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Do you want more sleep?   Yes! I need more sleep.

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  1. Emily DeJeu says:

    @ Neel — thanks!

    @ Lori — In my experience, kids can be soooo different. So maybe your second will be an easy-going sleeper who isn’t bothered at all by overtiredness? One can dream, anyway… 😉

  2. Lori says:

    Nice article! We just have one at the moment, almost 25 months. However, we are expecting our second son in November. Since our first is extremely sensitive to being overtired, and very picky when it comes to sleep, I am curious to see how our second will compare and how our first will respond. Thanks a lot!

  3. Nice insights !!

  4. Emily DeJeu says:

    @ Meagan — good insight! That is, in fact, what my kids always mean when they shout “Not fair!” at the top of their lungs. 🙂

  5. Meagan says:

    @Emily That’s true to an extent, but I think just as often they use the word “fair” to mean they want more. They know it’s a powerful word, and they know it’s leverage. I hear older kids all the time yelling “that’s not fair!” when all they really mean is: “that’s not what I want to happen!”

  6. Emily DeJeu says:

    @ Meagan — You’re definitely right, but wait till your toddler is a bit older; he’ll become the “fair police!” (At least, that’s been the case with my two older kids.) Kids seem to have this strong, innate sense of justice, and in their eyes, justice means everyone has exactly the same thing. It’s kind of a rude awakening for them when they realize life doesn’t actually play out that way! 😉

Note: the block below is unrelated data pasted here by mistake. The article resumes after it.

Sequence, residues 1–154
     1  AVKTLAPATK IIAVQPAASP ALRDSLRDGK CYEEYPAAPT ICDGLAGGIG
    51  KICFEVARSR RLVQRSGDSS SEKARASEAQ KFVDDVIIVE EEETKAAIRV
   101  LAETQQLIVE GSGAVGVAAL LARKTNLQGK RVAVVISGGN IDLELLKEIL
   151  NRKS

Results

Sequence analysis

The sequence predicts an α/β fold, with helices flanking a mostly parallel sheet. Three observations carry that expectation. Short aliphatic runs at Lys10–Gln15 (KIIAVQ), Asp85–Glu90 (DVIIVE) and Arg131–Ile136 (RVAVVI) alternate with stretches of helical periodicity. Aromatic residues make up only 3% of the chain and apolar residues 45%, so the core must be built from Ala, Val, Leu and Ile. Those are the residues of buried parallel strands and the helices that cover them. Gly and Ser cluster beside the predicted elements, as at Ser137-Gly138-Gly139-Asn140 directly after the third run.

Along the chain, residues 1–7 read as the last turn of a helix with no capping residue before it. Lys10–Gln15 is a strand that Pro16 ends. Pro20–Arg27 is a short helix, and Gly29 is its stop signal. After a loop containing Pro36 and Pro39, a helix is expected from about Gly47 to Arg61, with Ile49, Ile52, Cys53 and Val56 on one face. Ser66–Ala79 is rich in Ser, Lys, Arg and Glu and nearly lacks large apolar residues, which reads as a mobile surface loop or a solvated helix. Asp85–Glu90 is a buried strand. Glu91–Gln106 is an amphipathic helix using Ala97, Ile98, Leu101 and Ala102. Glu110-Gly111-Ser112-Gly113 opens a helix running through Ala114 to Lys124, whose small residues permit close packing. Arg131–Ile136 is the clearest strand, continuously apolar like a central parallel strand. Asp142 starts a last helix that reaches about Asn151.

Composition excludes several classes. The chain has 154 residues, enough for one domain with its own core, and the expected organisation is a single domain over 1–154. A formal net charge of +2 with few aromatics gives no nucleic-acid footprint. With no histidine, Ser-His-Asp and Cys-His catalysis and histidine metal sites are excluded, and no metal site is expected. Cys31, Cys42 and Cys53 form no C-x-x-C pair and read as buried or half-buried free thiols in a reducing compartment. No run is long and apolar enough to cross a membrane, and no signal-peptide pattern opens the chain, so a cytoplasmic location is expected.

@ Lynn — I love your doctor analogy! So true — the emphasis should be on what our kids need, versus what everyone else is getting/doing. Thanks for sharing!

  7. Lynn says:

    As a teacher and a mom of 2 young boys I use this phrase often, “Fair is not always equal” (except in Math!) LOL 🙂 Basically, it’s the idea that children get what he or she needs (different sleep schedules, food-allergies, support with learning, etc) rather than what everyone else has. I’ve also used the analogy (with school aged children) of going to the doctor. Does a doctor give someone with a cold the same treatment as someone with a broken arm? Of course not! The doctor gives patients what they need! 🙂

  8. Meagan says:

    I’ve just got one so far, but I’m guessing “fair” doesn’t really work in any aspect of life. Different kids have different needs, and treating one child according to another child’s needs seems much less “fair” to me than treating them differently. As for sharing? Please don’t try to force a toddler to share. They aren’t developmentally capable of understanding the concept and you end up teaching all the wrong lessons. A few weeks ago at the sand box my 13 month old crawled over to a bigger boy (2 or so) and tried to take one of the kid’s trucks. The boy yelled “no” and grabbed it back, and my son lost interest. As far as I’m concerned, that’s the perfect toddler interaction. Then his mom stepped in and insisted the boy share one of his trucks, resulting in screams, tears, and mom threatening to leave the park. I told her it was unnecessary, but she insisted that her son “Has to learn to share!” Thanks lady, I really want MY kid to learn that grown ups will back him up when he steals toys!

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